Today the Fed released their latest Beige Book. Last time I did one of these posts I was asked what the Beige Book is. My response was the latest report on local and national economic activity.
For a more academic definition, try this:
The Beige Book is released two weeks prior to each FOMC meeting eight times per year. Each Federal Reserve bank gathers anecdotal information on current economic conditions in its district through reports from bank and branch directors and interviews with key businessmen, economists, market experts, and other sources. The Beige Book summarizes this information by district and sector.
From the 9th District-Minneapolis Summary:
The Ninth District economy grew at a solid pace since the last report. Increases in activity were noted in consumer spending, manufacturing, tourism, mining, agriculture, construction, and commercial real estate. Meanwhile, residential real estate softened. Overall employment levels and wages increased modestly. Significant price increases were noted in gasoline and some construction materials.
On Employment, Wages and Prices:
Overall employment levels increased modestly since the last report. According to a survey of Minneapolis-St. Paul companies by a temporary staffing agency, 29 percent of respondents expect to increase staffing levels during the second quarter, while 9 percent expect decreases. Montana bank directors reported tight labor market conditions in many areas. March initial claims for unemployment insurance were flat from a year ago in Minnesota.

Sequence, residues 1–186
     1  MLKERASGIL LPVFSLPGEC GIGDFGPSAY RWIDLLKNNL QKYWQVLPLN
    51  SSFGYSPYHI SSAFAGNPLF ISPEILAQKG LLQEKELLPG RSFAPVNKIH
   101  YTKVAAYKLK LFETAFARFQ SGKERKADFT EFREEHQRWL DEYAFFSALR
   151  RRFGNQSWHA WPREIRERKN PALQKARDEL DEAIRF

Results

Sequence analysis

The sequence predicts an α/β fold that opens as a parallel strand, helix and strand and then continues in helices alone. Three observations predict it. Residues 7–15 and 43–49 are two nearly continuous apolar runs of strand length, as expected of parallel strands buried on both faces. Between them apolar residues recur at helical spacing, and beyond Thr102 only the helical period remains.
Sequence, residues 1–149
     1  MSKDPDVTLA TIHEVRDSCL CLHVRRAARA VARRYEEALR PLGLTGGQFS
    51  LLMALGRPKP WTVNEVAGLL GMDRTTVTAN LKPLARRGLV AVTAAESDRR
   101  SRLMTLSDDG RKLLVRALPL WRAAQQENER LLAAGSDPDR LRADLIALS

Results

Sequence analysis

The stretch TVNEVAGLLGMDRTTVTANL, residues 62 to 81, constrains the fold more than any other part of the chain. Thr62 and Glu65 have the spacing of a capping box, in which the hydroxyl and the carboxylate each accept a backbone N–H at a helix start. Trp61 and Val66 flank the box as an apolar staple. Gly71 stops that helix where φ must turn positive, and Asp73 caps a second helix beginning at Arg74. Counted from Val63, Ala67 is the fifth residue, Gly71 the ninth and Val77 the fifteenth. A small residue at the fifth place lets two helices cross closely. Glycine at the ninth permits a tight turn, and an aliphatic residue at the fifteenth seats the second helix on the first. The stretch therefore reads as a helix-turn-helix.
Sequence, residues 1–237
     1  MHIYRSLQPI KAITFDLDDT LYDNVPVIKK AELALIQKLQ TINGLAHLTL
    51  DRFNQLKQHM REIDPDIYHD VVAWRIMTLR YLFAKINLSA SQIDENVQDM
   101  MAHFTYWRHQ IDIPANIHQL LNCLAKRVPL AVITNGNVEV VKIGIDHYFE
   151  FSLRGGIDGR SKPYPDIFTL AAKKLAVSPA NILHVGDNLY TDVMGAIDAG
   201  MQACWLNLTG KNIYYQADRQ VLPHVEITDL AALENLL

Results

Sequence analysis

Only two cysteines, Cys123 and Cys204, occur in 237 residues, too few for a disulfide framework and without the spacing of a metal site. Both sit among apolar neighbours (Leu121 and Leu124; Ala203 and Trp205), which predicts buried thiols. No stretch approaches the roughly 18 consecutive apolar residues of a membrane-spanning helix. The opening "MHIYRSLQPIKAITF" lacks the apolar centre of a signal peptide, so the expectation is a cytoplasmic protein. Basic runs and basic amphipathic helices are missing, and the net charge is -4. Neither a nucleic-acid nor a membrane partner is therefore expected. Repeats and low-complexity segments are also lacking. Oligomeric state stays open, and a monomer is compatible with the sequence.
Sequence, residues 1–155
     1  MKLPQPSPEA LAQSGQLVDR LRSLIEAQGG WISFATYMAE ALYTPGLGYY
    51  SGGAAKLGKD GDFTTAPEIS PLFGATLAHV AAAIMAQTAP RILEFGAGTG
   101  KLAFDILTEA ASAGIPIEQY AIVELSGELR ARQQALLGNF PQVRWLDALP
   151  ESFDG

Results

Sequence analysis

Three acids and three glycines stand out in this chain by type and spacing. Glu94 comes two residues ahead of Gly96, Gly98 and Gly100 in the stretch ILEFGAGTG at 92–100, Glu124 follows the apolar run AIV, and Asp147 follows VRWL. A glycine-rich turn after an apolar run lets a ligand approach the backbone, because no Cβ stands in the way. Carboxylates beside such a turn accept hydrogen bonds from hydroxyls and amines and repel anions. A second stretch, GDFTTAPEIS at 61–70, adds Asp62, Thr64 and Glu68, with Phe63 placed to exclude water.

From the National Summary:
Reports from all twelve Federal Reserve Districts indicate that economic activity continued to expand in March and the first half of April. Three Districts--Minneapolis, Kansas City, and San Francisco--characterize growth as "solid," while a number of others describe the rate of economic activity as "modest," "moderate," or "steady." Richmond notes a quicker pace of growth, and Dallas indicates that activity continued to strengthen. By contrast, New York says the rate of growth may have slipped a bit since the last report.
On Prices and Wages:
District reports from Boston, New York, Richmond, Kansas City, and Dallas say that labor markets are tightening, especially for skilled positions. Philadelphia, Minneapolis, San Francisco, and Atlanta indicate that labor markets remain tight in at least some parts of their Districts. Contacts in Atlanta, Richmond, Cleveland, Kansas City, and Dallas state that truck drivers are in short supply. Wages continue to move up, but only a few Districts--New York, Dallas, and Kansas City--mention a pickup in the pace of raises, while Philadelphia cites firms more often paying in the high end of salary ranges. Richmond reports no pickup, but a continuation of "brisk" wage increases in services. Boston says manufacturing wage increases are in the same range as last year, Chicago cites a steady pace of labor cost increases, and Cleveland notes no reports of accumulating wage pressure, while Minneapolis and San Francisco mention moderate overall wage increases.